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Serving: IN

Statewide drainage task force is 1st step

Tom J. Bechman creek surrounded by trees
NEED A PERMIT? Would you need a permit to clear trees along this creek? The answer isn’t clear-cut today, but observers hope it will be in the future.
Legislators and interested parties will study key issues over next 18 months.

Farmers, landowners and farm managers have raised issues about what they can do in drainageways and who makes those decisions. Specifically, some contend that the Indiana Department of Natural Resources requires permits for cleaning a ditch bank, where permits were not required before.

Some expected legislation in the 2021 legislative session, now concluded, would have clarified who has control where. Some of these issues even spill over into what county surveyors charged with maintaining county drains can and cannot do. Instead of detailed legislation, lawmakers proposed establishing a drainage task force. It began life as Senate Bill 85.

“The idea made sense, and our members who determine policy encouraged us to support it,” says Jeff Cummins, associate director of policy engagement for Indiana Farm Bureau. “There were questions that no one could answer, and the best approach appeared to be taking a step back, collecting information, and then moving forward together.

“Our hope is that we get it right this time. Hopefully, committee members will have all the facts they need to see all angles of the issue, and they can make responsible recommendations to the Legislature.”

Key question

The Legislature established the task force. Now, one question that must be answered is whether Indiana’s current statutes and enforcement practices related to ditch maintenance and drainage are stricter than in neighboring states. Some suggest they’re even stricter than required by federal law.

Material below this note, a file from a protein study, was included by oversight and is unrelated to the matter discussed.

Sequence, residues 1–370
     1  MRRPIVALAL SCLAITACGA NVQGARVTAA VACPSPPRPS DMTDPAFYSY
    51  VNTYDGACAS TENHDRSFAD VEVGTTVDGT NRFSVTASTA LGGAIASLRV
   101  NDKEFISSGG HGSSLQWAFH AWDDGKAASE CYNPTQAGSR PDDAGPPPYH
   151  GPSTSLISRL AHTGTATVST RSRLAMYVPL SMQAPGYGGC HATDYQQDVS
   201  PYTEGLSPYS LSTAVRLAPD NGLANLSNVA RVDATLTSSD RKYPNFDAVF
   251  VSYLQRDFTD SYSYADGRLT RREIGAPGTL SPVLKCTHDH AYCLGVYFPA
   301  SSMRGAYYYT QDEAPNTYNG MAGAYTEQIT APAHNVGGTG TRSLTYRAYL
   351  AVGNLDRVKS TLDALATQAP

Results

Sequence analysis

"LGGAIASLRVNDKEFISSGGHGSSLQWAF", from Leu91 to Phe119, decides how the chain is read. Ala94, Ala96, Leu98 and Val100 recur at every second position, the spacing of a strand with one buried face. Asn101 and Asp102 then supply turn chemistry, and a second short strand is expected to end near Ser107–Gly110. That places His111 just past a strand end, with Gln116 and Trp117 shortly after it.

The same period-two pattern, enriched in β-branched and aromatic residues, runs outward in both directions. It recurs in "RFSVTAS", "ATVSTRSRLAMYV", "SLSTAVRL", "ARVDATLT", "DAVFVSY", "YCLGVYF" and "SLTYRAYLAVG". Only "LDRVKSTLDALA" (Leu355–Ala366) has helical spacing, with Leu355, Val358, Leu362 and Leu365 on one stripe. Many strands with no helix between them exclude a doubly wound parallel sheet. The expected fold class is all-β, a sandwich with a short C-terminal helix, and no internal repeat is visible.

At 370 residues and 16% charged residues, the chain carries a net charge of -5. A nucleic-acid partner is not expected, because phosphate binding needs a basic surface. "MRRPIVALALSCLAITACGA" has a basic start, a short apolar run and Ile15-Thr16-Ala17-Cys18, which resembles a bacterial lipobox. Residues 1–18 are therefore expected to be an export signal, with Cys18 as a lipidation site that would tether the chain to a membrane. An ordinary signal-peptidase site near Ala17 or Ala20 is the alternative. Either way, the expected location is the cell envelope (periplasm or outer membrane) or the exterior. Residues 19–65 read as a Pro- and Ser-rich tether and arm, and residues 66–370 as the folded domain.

“If that’s true, then we want to know why such strict measures were thought necessary,” Cummins says. “We want to protect the property rights of farmers and landowners and make sure no one infringes on anyone’s rights to manage their property properly.”

Making decisions without all the facts is a recipe for doing the process over again, Cummins says. Senate Bill 85, which passed and was signed into law, gives the task force until December 2023 to arrive at conclusions and recommendations. Cummins believes that will be ample time for collecting facts, discussing options and arriving at the best possible solutions.

Related issues

One issue in question couldn’t wait until 2024. Two families in Wayne County, Ind., were facing an order to make changes to new houses or destroy them. Controversy developed because local authorities, acting in good faith, issued building permits based on existing flood maps. Later, new flood maps were issued, and DNR was seeking action on the properties since the houses now encroach on flood plains, based on the new maps.

Senate Bill 342, passed by the Legislature, includes provisions that specifically allow an exception so these two families can keep their houses. We applaud the Legislature for having the insight to correct a situation that obviously involved good intentions.

In a separate bill, the Legislature enables DNR to set up language allowing farmers and landowners to complete certain practices on their land under a general license. In layman’s terms, that means if a practice is approved under the general license, a landowner can carry it out without obtaining a permit.

“DNR was supportive of this effort,” Cummins explains. “It will take a while to set the process in motion, but it appears to be another good step forward.”

Comments? Email tom.bechman@farmprogress.com.

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